Rwanda Amahoro


Rwanda Amahoro

Altitude: 1550 – 1850 masl
Varietal: Red Bourbon
Process: Fully Washed
Cup profile: Orange blossom fragrance. Notes of peaches. Hints of molasses. Creamy body
Roast: Medium



The land of a thousand hills

Rwanda is known as the “Land of a Thousand Hills” and this coffee comes from a single hill in the region. I name it Amahoro, which means Peace, to represent the peaceful lives the Rwandese people decided to have and the spirit they want to cultivate since the horrors that happened in the 1990s. I also like to separate coffee lots by hill because the different microclimates always yield different cup profiles. I also do this to increase the traceability of each lot, to make it easier for me to identify problems and to encourage healthy competition among farmers. If the ones from one hill know that the ones from another hill received better second payments because of the quality of the cherries then they will put extra care into picking the following season.

The increased traceability has yet another benefit. Sometimes roasters want to support the communities behind the coffee they bought. Knowing exactly where it comes from helps me direct them towards the projects that will help that community. They can also meet the community when they visit and see the hill where the coffee was grown. – Emmanuel Rusatira (Owner & manager Baho coffee, Rwanda.)

The fully washed process: The farmers pick their ripest cherries and bring them to the washing station. They are sorted (removing the green and overripe ones alongside any foreign matter) and floated in water tanks so that we can remove the floaters (of less density and therefore quality). The selected cherries are taken to a cherry hopper before pulping with a McKinnon machine using fresh or recycled water. The beans then undergo a dry fermentation stage for 8 to 10 hours. There is a partial washing and removal of mucilage and then another fermentation in water for 8 to 10 hours. The beans are then rinsed in water channels and taken to a pre-drying shed where we start a gentle drying process whilst the wet parchment is sorted. We finish the drying process on African raised beds with constant turning and sorting to remove defects. There is a final sorting stage after dry milling to prepare the coffee to export.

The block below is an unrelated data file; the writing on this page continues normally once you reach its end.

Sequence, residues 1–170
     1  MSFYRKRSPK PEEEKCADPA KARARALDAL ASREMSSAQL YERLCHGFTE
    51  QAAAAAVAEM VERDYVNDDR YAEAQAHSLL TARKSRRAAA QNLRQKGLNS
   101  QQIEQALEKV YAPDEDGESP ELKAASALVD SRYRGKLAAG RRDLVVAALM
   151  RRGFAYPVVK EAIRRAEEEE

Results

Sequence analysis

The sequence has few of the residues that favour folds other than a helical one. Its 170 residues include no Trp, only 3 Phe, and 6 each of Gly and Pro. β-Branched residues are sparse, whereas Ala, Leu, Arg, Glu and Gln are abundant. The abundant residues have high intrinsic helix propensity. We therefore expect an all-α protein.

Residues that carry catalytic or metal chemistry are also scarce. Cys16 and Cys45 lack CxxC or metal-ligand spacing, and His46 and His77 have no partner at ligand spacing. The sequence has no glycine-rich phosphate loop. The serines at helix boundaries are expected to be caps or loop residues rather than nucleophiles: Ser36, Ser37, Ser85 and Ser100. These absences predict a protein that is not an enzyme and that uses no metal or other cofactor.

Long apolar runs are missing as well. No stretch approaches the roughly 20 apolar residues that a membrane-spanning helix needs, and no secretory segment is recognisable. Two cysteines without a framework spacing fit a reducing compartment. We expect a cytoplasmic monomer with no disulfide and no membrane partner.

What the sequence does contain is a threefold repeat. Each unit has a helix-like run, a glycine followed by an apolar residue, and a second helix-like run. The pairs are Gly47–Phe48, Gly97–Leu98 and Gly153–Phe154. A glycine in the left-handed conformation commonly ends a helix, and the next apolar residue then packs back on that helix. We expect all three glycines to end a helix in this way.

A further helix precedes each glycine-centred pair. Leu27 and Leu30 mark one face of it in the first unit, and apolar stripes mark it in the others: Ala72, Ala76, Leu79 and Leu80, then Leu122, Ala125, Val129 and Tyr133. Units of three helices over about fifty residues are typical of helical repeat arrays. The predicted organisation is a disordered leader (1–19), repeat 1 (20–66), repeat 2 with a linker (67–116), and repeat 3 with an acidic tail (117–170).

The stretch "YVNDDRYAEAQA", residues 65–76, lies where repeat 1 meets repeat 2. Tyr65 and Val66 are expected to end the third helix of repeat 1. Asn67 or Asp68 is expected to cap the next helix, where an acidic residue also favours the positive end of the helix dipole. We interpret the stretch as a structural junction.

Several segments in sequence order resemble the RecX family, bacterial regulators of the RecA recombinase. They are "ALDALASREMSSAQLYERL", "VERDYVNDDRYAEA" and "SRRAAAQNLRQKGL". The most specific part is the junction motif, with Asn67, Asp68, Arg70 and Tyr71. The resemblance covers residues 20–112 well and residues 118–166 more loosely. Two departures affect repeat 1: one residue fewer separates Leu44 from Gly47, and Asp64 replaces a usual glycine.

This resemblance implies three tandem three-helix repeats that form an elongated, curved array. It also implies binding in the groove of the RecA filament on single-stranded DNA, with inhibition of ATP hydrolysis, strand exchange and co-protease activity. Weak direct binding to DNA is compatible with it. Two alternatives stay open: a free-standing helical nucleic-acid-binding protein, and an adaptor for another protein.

A note from Emmanuel…

Hello, my friend. My name is Emma and I manage Baho Coffee, an exporting company with 7 washing stations in Rwanda. I am Rwandese from the Kayonza district and have 15 years of experience in coffee, having worked for foreign companies before founding Baho in 2016. Baho means “stay strong”. It is something we say to comfort people who are struggling. It has a lot to do with my personal journey. I barely survived the year of 1994 and grew up to become a man without my parents whilst supporting my siblings. My philosophy at Baho is that the farmers are the bosses, the foundation of my work. My business relies on their happiness. I want to help change their lives as I changed mine. That is why my aim is to support farmers with education and getting better prices. My 3 pillars are culture, people and coffee. Our culture shapes us. People are the ones who make it happen. Coffee is the bridge. A good cup of coffee can help us understand each other. Come and drink a cup of coffee with me!


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